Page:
ALBERTA AND BRITISH COLUMBIA
Unusually many of the Irish who came to live in Alberta and British Columbia during the nineteenth century were prosperous. They were not people of modest means as was so often the case with earlier immigration to eastern and mid Canada.
From the 1870s, Calgary and other parts of southern Alberta experienced a sustained influx of ambitious and well-resourced Irishmen who hoped to become successful ranchers. Some were university graduates.
A relatively large number of Irish immigrants arrived in Canada in the 1850s and 1860s, in most years outnumbering their counterparts from England and Scotland. The likelihood is most were heading for western Canada, where they had access to Alberta's ranch lands and British Columbia's gold.
THE IRISH IN ALBERTA
Irish homesteaders and ranchers spread themselves across vast tracts of southern Alberta. However, they were mainly concentrated to the south east of Calgary.
The Macleod District attracted many well-heeled Ulstermen in the 1870s and 1880s who took up ranching after having served with the North West Mounted Police. They had been recruited in Ireland and Ontario.
Various railway stations in Alberta are named after places in Ireland, suggesting an Irish past, but little data survived to confirm this.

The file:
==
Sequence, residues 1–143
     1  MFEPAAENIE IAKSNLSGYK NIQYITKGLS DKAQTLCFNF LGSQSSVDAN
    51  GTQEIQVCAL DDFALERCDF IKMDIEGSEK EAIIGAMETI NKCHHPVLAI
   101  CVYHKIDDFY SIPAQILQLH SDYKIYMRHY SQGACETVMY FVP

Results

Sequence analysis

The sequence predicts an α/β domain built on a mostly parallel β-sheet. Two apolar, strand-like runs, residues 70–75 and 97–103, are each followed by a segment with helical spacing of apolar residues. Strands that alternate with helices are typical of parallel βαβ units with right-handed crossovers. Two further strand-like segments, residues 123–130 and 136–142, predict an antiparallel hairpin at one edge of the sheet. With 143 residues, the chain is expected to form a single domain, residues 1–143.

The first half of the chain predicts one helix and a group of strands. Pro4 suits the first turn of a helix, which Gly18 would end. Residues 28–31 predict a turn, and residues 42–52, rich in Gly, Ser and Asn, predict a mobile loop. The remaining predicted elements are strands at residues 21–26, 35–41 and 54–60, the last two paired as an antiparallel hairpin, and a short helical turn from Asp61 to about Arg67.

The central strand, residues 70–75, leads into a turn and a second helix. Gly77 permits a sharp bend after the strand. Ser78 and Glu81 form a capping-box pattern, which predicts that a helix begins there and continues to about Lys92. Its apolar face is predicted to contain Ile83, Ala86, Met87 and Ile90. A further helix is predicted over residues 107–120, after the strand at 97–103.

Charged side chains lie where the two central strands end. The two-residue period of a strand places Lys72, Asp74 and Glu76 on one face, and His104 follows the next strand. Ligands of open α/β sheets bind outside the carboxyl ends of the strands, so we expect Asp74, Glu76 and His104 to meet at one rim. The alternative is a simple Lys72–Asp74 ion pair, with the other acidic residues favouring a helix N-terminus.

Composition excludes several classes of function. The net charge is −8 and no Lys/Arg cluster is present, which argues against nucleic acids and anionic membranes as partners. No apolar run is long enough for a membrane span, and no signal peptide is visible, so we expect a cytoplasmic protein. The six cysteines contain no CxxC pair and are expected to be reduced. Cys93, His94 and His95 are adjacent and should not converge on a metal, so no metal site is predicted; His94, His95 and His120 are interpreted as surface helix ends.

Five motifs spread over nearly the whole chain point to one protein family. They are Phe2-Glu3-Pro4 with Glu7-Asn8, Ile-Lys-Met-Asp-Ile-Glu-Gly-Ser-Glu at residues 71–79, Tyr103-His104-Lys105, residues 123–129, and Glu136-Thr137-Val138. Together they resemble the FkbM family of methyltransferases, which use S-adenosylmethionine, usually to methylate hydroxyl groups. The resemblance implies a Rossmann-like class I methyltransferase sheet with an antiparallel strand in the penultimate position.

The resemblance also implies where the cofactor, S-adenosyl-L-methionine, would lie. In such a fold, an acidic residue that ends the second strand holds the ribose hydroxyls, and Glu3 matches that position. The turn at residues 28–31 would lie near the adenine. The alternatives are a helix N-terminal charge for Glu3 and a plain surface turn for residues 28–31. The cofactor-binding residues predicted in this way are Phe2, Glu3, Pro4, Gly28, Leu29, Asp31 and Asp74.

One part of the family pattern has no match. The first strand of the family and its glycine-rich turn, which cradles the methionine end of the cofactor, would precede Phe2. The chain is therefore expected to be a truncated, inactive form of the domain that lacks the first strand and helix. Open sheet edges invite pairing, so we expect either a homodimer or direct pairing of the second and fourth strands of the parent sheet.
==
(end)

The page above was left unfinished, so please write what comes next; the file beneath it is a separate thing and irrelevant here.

Irish Catholics founded the St. Brides Colony in 1927. It was located along the North Saskatchewan River in north eastern Alberta.
Single young men were attracted to the province by the availability of railway, construction, mining and farming jobs.
THE IRISH IN BRITISH COLUMBIA
British Columbia was similar to Alberta in attracting well-off and ambitious Irishmen, who began arriving from Ireland in the 1850s. Initially, gold was the main attraction.
The gold rush days of the 1850s and 1860s attracted many dashing young Irishmen, who often prospered but their numbers were small.
Alexander Robb, from County Down, established a ranch in the Nicola Valley south of Kamloops in the 1860s after failing to find gold. However, its irrigation needs proved to be too difficult for him to master and he returned back to Ireland.
British Columbia's population growth only began to rise steeply in the 1880s with the completion of the Canadian Pacific Railway line, linking it with the rest of the country. Before then only a relatively small number of the population claimed Irish ancestry and most of them were single adult males.